Macron election nightmare: 42 percent of French snub President in latest damning poll

Marine Le Pen 'threatening Macron in elections' says expert

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The French President, who was believed until recently to have to face Marine Le Pen in the 2022 election, is now being challenged by left, centre and right candidates, all gaining support in the polls.

A new Harris interactive poll published today revealed up to 42 percent of French voters now feel further away from President Macron’s policy.

The poll saw a tightening of voting intentions in the first round with Macron at 23 percent, Marine Le Pen at 16 percent, Xavier Bertrand at 14 percent, Eric Zemmour and Jean-Luc Melenchon both at 13 percent.

Good news for the far-left candidate Melenchon, gaining support in the recent weeks whilst Marine Le Pen sees her share of the votes slightly going down.

Perhaps the National Rally leader is paying the price for Eric Zemmour’s rise to power, despite the far-right TV polemicists is yet to declare his candidacy.

But Le Pen said she is not threatened by her rival.

“I’m not worried. I am convinced the French people will place us against Emmanuel Macron because we defend very different models of society. He stands for unregulated globalisation, I defend the nation, which remains the best structure to defend our identity, security, freedom and prosperity,” she said.

Bertrand is the candidate that would gain more votes in the centre-right.

The poll still predicts that Macron would be re-elected with 54 percent of the vote, the total of Marine Le Pen (46 percent) remaining stable, in the same range since March (between 45 and 47 percent).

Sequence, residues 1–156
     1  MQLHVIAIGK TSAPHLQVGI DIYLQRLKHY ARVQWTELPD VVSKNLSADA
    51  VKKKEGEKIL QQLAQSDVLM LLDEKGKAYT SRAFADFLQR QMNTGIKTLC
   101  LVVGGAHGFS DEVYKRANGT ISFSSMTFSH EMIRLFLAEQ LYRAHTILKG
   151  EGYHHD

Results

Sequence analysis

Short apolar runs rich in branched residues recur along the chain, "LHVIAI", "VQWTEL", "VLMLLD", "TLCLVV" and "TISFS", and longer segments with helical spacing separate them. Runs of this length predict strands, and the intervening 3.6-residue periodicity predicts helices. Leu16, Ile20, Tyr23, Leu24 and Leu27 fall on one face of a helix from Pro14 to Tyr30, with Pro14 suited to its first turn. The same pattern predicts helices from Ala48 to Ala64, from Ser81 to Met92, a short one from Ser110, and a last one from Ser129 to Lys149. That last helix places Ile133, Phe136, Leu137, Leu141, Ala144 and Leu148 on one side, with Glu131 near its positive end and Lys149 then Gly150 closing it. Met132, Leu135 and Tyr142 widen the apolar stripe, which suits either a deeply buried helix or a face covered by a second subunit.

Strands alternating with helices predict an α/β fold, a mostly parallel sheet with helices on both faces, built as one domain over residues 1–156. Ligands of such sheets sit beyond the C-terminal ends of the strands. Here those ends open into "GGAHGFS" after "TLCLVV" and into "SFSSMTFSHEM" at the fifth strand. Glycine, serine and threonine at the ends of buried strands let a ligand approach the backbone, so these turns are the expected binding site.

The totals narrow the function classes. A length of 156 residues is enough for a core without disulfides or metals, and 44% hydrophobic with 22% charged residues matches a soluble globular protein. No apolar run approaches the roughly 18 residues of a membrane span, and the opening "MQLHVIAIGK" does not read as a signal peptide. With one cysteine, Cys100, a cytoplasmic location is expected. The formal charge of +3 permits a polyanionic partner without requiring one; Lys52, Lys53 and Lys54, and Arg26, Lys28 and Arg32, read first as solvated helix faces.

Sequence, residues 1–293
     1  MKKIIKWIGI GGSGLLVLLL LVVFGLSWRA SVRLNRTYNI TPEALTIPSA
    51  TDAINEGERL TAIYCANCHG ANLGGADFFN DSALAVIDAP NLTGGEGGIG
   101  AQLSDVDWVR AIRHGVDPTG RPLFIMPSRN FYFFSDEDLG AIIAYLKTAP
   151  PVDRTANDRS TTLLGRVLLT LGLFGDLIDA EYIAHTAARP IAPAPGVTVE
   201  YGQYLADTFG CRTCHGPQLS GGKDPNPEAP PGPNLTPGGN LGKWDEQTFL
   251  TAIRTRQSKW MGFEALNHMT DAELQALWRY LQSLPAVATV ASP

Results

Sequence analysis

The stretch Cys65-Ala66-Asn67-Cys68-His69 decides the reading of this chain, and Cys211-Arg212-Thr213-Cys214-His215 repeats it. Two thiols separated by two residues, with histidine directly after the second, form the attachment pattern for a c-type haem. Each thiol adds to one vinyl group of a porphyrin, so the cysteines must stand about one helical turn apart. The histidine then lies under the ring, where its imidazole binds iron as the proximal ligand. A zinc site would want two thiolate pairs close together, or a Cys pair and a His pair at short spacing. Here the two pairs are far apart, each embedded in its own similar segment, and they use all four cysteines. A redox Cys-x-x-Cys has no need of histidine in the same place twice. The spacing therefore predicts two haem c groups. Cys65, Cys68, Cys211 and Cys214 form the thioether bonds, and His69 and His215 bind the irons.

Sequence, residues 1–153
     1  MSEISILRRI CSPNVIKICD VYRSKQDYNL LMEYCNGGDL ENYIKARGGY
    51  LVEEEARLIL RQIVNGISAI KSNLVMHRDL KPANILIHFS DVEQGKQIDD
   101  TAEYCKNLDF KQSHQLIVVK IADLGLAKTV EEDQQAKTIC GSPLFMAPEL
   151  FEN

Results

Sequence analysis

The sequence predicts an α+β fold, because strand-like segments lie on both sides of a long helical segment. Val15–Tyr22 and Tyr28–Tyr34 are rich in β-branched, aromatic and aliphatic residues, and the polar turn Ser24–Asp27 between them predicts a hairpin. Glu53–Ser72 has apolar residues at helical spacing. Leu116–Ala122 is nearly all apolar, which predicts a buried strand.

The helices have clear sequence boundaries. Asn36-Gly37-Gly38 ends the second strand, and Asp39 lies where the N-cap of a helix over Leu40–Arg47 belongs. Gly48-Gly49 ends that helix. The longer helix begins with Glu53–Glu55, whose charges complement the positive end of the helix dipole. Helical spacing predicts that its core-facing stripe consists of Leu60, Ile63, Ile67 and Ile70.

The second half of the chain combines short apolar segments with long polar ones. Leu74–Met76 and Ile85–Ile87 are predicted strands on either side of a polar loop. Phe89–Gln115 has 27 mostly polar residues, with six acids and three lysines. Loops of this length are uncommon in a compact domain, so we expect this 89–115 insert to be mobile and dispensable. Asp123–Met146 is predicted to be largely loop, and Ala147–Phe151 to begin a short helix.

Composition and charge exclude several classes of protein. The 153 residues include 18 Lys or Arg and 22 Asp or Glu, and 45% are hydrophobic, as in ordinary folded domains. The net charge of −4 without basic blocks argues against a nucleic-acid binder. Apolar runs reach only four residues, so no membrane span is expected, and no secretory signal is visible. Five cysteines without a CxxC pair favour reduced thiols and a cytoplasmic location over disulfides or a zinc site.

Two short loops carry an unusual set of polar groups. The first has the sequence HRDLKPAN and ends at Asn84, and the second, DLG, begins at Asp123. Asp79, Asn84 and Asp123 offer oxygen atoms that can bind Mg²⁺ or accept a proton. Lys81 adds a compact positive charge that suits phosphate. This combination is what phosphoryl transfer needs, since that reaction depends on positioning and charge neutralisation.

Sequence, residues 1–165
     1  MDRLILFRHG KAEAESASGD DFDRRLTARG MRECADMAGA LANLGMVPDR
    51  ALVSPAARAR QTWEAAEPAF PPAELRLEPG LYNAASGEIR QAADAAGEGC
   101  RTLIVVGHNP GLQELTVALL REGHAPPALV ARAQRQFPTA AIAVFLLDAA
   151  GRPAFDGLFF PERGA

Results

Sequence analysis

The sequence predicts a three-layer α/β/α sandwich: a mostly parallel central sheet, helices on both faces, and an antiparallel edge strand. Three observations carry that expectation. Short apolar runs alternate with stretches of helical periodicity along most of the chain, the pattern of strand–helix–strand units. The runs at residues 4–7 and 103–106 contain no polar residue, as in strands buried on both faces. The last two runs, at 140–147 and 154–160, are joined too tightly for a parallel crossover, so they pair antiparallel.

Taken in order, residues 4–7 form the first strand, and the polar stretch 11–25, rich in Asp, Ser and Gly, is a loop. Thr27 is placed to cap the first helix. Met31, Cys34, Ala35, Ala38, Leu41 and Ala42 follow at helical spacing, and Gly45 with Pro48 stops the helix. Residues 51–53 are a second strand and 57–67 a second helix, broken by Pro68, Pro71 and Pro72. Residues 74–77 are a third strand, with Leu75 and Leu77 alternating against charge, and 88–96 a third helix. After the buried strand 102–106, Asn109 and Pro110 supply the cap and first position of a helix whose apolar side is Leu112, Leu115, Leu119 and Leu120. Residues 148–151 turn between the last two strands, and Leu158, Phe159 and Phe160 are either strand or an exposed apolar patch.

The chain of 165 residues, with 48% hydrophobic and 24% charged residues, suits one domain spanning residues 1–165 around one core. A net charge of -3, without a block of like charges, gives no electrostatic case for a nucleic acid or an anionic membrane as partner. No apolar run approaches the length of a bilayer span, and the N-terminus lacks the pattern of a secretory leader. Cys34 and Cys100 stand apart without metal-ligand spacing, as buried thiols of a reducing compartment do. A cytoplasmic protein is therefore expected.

Two-thirds of Eric Zemmour’s potential voters would rally to Marine Le Pen in the second round, against 7 percent to Emmanuel Macron and 27 percent of blank, null or abstention votes.

The National Rally leader said on Monday that if she is elected president in the 2022 election, she will call a referendum proposing drastic limits on immigration.

Le Pen said on France 2 television the referendum would propose strict criteria for entering French territory and for acquiring French nationality, as well as giving French citizens priority access to social housing, jobs and social security benefits.

“The referendum will propose a complete draft bill that will aim to drastically regulate immigration,” said Le Pen, who will be the candidate of the Rassemblement National party in the vote for president in April.

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Referenda are allowed under the French constitution but are rarely used.

The last major referendum was in 2005 when French people voted against France ratifying a European Constitution.

In 2017, Le Pen made it to the second round of the presidential election but was defeated by Macron, who won more than 66 percent of the vote.

Macron has not yet said whether he will stand for re-election, but opinion polls show him and Le Pen as the likely two candidates to make it through to the second round, with Macron seen as the eventual winner.

The Harris survey was conducted online from September 24 to 27, 2021.

With a sample of 1,379 people representative of the French population aged 18 and over, including 1,048 people registered on the electoral rolls.

Quota method and adjustment applied to the following variables: sex, age, socio-professional category, region and previous electoral behaviour of the interviewee.

Additional reporting by Maria Ortega

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